61 terms

Medical Terminology - A Living Language - Ch 6 - Section II - Vocabulary

Lymphatic and immune systems vocabulary
lymphatic system
• consists of a network of lymphatic vessels, lymph nodes, the spleen, the thymus gland, and the tonsils
• organs collect excess tissue fluid thought the body and return it to the circulatory system
• works with the immune system to form the groups of cells, tissues, organs, and molecules that serve as the body's primary defense against the invasion of pathogens and removing our own cells that have become diseased
fluid inside a lymphatic vessel
lymph vessels around the small intestines that are able to pick up absorbed fats for transport
lymphatic vessels
• form an extensive network of vessels throughout the entire body, however they are not in a closed loop like the circulatory system
• serve as one-way pipes conducting lymph from the tissues toward the thoracic cavity
• since it's a low pressure system, these vessels have valves along their length to ensure the lymph can only move forward to the thoracic cavity
• the vessels drain into one of two large lymphatic ducts: right lymphatic duct or the thoracic duct
lymphatic capillaries
very small capillaries in the tissues where excessive tissue fluid enters to begin the trip back to the circulatory system via lymphatic vessels
right lymphatic duct
smaller of the two lymphatic ducts, drains the right arm and the right side of the neck and chest and empties lymph into the right subclavian vein
thoracic duct
larger of the two lymphatic ducts, drains lymph from the rest of the body and empties into the left subclavian vein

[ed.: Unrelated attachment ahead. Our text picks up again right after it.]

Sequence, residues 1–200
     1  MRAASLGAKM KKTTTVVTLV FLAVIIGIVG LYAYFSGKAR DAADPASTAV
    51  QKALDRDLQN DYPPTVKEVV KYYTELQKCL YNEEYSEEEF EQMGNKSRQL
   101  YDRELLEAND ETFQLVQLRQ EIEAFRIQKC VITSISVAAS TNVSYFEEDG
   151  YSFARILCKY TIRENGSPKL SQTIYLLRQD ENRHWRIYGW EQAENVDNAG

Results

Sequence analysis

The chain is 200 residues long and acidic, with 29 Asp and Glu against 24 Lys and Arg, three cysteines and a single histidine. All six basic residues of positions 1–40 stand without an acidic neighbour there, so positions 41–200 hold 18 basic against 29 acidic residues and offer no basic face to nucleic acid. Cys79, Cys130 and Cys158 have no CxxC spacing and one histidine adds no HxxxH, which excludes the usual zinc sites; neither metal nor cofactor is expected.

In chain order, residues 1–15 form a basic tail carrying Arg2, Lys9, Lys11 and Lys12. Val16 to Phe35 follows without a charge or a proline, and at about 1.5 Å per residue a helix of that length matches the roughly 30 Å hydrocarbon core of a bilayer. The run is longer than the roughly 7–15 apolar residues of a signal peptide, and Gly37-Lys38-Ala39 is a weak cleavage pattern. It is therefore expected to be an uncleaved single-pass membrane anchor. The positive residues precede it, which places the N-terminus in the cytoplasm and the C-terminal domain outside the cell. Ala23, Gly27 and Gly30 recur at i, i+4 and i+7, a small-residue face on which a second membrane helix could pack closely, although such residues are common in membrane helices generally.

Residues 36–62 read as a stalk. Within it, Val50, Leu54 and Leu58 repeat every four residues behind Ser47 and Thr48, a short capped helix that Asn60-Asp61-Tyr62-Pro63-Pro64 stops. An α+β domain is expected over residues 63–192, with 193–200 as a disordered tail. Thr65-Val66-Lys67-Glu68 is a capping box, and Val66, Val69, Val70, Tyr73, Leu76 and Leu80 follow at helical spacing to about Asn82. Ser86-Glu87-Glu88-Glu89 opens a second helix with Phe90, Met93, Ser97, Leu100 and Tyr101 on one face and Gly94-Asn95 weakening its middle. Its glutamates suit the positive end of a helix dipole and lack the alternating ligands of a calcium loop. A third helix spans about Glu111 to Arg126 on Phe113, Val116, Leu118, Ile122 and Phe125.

lymph nodes
• lymph glands
• small organs composed of lymphatic tissue located along the route of the lymphatic vessels
• house lymphocytes and antibodies and therefore work to remove pathogens and cell debris as lymph passes though them on its way back to the thoracic cavity
• also serve to trap and destroy cells from cancerous tumors
lymph glands
lymph nodes
sites for lymph nodes
• axillary: located near the armpits, drain arms and shoulder region; breast cancer cells may be detected at this site
• cervical: located near the neck, drain head and neck; may be enlarged during upper respiratory infections
• inguinal: located near the groin, drain legs and lower pelvis
• mediastinal: located near the chest, drain chest cavity
• a collection of lymphatic tissue located on each side of the throat or pharynx
• there three sets of tonsils: palatine tonsils, pharyngeal tonsils (adenoids), lingual tonsils
• all tonsils contain a large number of leukocytes and act as filters to protect the body from the invasion of pathogens through the digestive and respiratory systems
pharyngeal tonsils
• located in the upper left quadrant of the abdomen, consists of lymphatic tissue that is highly infiltrated with blood vessels that spread out into the blood sinuses